Creating stories — regardless of the genre — is all about making it real for your readers. They need to buy in to what you have created. If they don’t, then your credibility is shot, your readers will stop buying your books, and you can forget about establishing any kind of relationship with a reader base. There are too many books out there tempting them for some love and attention. Although readers are naturally creatures of comfort and will want to stick with an author they like, they also have no tolerance for writers who don’t keep it real.
That can be a struggle for us, at times. We sit in front of the blank screen, fingers at the keyboard, waiting for some kind of brilliant inspiration to arrive. At times, it feels no different than dropping a fishing line in a cold pond, waiting for that big bass to take the bait and bring us the high action we’ve been waiting for.
Thankfully, it doesn’t have to be such a passive struggle, waiting for that great idea to strike. We just need to activate our creative thinking in non-writing ways to trigger that high-action writing whenever we need it.
Here are five strategies I use to keep my focus in writing stories that are believable, engaging, and accessible to my readers, no matter who they might be.
1. Observe Behaviors.
Being mindful of those around you is a skill you can always work on. Whether you are at a mall, in your car, or at an hour-long business meeting, you can observe the different behaviors exhibited from the people with you.
For writers, though, mere observation is not enough. We begin to ask questions of the people we are observing:
What are they thinking? Is it consistent with how they are behaving?
What might be their next move, action, or reaction?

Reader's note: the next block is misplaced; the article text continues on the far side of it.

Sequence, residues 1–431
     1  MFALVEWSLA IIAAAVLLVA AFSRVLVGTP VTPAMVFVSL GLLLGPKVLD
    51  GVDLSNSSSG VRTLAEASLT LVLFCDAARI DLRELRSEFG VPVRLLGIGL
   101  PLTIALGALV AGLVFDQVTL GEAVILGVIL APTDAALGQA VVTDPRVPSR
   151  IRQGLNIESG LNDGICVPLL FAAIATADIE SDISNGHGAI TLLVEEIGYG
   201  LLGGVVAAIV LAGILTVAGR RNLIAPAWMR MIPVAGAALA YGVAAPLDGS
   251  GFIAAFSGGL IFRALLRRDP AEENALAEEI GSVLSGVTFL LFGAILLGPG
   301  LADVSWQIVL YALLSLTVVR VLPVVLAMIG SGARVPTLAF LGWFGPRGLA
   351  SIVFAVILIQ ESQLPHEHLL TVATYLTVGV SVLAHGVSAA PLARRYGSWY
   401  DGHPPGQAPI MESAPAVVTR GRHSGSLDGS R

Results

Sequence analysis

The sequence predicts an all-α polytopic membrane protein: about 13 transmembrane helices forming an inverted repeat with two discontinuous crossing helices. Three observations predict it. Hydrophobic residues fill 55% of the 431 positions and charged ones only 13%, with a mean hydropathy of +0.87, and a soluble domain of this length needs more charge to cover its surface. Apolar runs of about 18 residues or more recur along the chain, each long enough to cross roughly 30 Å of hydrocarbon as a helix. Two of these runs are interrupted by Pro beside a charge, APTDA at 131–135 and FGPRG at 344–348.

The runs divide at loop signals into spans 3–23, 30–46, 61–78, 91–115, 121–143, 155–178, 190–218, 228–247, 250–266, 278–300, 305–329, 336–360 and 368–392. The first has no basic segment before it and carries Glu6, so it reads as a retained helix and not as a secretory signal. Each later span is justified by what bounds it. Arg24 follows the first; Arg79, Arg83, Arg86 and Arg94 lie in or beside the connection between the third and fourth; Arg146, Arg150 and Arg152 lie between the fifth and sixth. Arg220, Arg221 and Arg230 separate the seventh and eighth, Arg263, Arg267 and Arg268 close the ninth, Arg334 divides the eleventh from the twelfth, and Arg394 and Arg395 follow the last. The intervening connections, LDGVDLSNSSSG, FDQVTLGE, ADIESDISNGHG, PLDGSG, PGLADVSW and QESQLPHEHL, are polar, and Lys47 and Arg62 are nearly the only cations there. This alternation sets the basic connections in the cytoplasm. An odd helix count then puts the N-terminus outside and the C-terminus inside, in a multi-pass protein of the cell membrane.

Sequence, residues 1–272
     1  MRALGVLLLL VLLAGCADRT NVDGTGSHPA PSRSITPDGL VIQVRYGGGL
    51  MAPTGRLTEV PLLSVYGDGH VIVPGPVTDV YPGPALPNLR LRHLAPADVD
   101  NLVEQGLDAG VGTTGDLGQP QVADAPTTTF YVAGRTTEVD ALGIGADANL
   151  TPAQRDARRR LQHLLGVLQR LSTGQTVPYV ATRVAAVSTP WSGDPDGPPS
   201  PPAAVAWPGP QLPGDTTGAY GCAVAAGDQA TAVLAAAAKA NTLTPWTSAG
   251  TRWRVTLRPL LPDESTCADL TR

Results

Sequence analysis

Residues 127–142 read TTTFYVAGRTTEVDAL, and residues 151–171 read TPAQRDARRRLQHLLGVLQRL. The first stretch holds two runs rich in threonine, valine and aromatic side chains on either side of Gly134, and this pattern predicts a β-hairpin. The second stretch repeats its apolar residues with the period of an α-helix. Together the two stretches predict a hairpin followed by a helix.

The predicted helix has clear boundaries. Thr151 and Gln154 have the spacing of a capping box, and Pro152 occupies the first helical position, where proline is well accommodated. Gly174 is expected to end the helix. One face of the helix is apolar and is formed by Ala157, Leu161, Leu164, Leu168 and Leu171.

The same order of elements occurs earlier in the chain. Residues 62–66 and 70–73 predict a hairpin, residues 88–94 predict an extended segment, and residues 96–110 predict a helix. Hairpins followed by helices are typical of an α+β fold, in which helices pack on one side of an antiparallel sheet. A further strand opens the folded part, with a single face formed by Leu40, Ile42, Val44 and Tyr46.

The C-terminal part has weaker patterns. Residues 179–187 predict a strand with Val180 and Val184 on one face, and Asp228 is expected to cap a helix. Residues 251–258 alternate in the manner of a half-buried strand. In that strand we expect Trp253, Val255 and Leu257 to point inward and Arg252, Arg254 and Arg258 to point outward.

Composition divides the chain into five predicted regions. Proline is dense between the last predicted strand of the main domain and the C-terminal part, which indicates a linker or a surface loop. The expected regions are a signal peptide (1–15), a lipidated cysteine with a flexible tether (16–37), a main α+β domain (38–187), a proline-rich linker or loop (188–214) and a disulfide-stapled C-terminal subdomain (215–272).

Is their body language consistent with their words?
What is the source or the origin of their behavior, their expressed emotion, their actions?
These are just a few questions to get you going. The important thing is that you are mindful of the behaviors of others around you, and you consider the reasons for those behaviors. Then, when you sit down to develop a character for one of your stories, you have already stored in your idea bank — at the very least — 10-15 good behavior sketches, complete with motives.
2. Listen To Music.
I spend hours each week listening to new music, trying to find the right artists to fit my creative needs. I have music for daybooking, drafting, revising, editing, and even handling the business side of owning a writing business.
One of the most important playlists I have is for creative inspiration. I scour the library trays filled with CDs for new movie soundtracks — particularly movies that I have never seen. I am looking for music that might tell a story, that might take me on a bit of a journey, thus kickstarting some kind of creative exploration.
The first soundtrack that I used for creative inspiration (many, many years ago) was for the movie Country. Pianist George Winston wrote and played about half of the pieces, which are inspiring enough. But the other tracks were driving, compelling works of music that helped me create stories set in the Civil War and other places. I internalized some of the more powerful songs and used them for personal inspiration and encouragement. Anything is possible when I listen to this music — even to this day, nearly 20 years later.